Giant Hands, Uruguay and Chile

You've probably heard of the Atacama Desert. It's one of the driest, most desolate places on earth, but drive along an otherwise lonely stretch of the Pan-American Highway, and you'll see something strange—a giant stone hand.

It's called, unsurprisingly, La Mano del Desierto, or The Hand of the Desert. It was unveiled in 1992, reaches 36 feet into the desert sky, and it was commissioned from an artist named Mario Irarrazabal as a tribute to just how barren, lonely, and empty the desert is. There's another meaning behind the hand, too, and Amusing Planet says that the real intent was as a tribute to those who were tortured and victimized by Chile's military-ruled government. Just as interesting: there's a left hand to go with the right hand of the Atacama Desert, and the left one is along the beach near Punta del Este in Uruguay. That hand was unveiled in 1982, and one of its names is the eerie Monument to the Drowned. We can see that. There's yet another in Spain, but since we're talking about deserts here, we'll leave it at that.

Desert Christ Park, California

Ever wanted a picture of yourself taking part in The Last Supper? Head to Desert Christ Park and you can get one. Sitting in the desert of Yucca Valley, California, is a concrete bas-relief of The Last Supper, with a conveniently placed window that will let you look over Christ's shoulder for a picture you're guaranteed to never forget. It's a part of Desert Christ Park, and it was founded almost by accident in 1951 when a sculptor was refused permission to install a concrete Jesus on the edge of the Grand Canyon. The statue became known as "the unwanted Christ," and he ended up partnering with a local reverend to create a whole bunch of biblical scenes and statues that finally found a home in Yucca Valley.

Oddly, the original message behind the park had less to do with religion and more to do with a generic sort of peace, and it's a powerful idea. Remember, at the time, atomic war seemed like a very real possibility, and the statues were built with the idea that they could withstand a nuclear blast and would presumably still remain after the rest of the world had been turned into a Terminator 2-style wasteland. They're still there, albeit a little worse for wear. They're just missing some heads and hands, thanks to a 7.3 earthquake, and most of the figures were missing their noses anyway. That's because Martin himself knocked off the noses in protest of the reverend's plan to charge an admission fee to the park. All the noses, that is, except for the one belonging to Judas, because that's exactly how you make a statement.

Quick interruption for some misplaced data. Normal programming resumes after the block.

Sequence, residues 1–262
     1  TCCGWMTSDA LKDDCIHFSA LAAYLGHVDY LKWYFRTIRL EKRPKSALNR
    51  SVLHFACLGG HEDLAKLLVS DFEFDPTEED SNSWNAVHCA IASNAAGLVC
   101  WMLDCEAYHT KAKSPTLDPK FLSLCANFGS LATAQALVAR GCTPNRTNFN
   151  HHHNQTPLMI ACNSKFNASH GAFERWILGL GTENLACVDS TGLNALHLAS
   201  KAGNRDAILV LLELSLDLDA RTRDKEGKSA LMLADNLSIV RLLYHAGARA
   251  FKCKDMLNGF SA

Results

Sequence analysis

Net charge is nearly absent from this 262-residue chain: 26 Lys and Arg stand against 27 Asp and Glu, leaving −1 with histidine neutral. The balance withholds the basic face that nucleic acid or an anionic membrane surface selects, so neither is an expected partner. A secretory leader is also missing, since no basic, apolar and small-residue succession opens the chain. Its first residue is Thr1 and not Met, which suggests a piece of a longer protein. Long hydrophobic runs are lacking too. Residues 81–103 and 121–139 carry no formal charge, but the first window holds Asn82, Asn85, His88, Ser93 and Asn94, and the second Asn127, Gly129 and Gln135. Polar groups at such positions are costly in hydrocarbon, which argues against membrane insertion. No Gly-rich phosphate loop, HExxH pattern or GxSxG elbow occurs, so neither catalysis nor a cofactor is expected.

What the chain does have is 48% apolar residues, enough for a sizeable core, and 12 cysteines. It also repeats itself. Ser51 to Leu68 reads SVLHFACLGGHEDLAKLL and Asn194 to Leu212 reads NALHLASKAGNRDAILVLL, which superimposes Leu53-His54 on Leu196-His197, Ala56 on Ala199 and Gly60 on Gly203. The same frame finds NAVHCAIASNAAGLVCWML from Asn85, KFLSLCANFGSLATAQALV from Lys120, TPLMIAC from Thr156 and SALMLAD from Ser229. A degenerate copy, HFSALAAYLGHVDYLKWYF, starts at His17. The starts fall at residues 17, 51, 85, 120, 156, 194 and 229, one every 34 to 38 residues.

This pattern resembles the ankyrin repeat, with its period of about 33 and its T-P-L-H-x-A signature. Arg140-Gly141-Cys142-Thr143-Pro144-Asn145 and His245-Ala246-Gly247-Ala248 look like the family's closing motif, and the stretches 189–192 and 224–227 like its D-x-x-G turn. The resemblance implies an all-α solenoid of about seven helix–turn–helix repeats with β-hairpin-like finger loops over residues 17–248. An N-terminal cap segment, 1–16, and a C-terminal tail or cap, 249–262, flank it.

Artificial glaciers, India

Life on the Tibetan Plateau has never been what anyone would call easy, but with the world's changing weather, it's being made even more difficult. For a long time, melting ice and glaciers high up in the Himalayan Mountains would water valley crops at just the right time, but changing temperatures mean water shortages when it's needed most—in the spring—and a ton of wasted water in the winter.

A local engineer came up with a brilliant solution, and that was to build a do-it-yourself glacier out of the water that ran down from the mountains. He came up with a system of diverting water into small pools that freeze in layers and layers of ice. Once the spring months come, the artificial glaciers melt, and allow the little desert towns to make the most of their most valuable resource. This isn't on any small scale, either—the biggest one has an area equivalent to a square mile of ice. The idea's so ingenious that it's being explored as something that can be developed on an even larger scale to combat the impact of global warming, which we all know totally exists.

A movie theater, Egypt

Head out into the desert of the Sinai Peninsula, wander near a town called Sharm el-Sheikh (but not too close), and you might stumble across 700 wooden seats lined up in the desert sand. It looks like all they're missing is a movie screen, and that used to be there, too.

The whole thing was the brainchild of Diynn Eadel, and it was meant to be an actual, working cinema called Seventh Art Cinema. It was supposed to open in 1997 and show Jurassic Park, and honestly, we think it's brilliant. It's like a drive-thru, but on an epic scale. Who wouldn't want to watch the latest movie under the desert sky?

Unfortunately, someone didn't want to, and no one's sure just who that party-pooper was. No movie ever played on the desert screen, and Eadel's not talking about what went wrong, either. It's rediscovered every so often in all its rusting, optimistic glory and if you ask us, the trip would be worth it just to watch the sunset. That's a movie that never disappoints.

A massive spiral, Egypt

Zoom in a bit from a satellite view of the desert plains of El Gouna, Egypt, and you'll find there's a weird spiral seemingly rising from—and etched into—the landscape. It covers more than a million square feet of desert, and as much as we'd like it to be proof of ancient aliens, it's definitely not proof of ancient aliens. It's an art installation called Desert Breath, and it's a spiral pattern made from cones of sand and holes where the sand has been removed. The original design had a lake in the center, but now, the water's gone.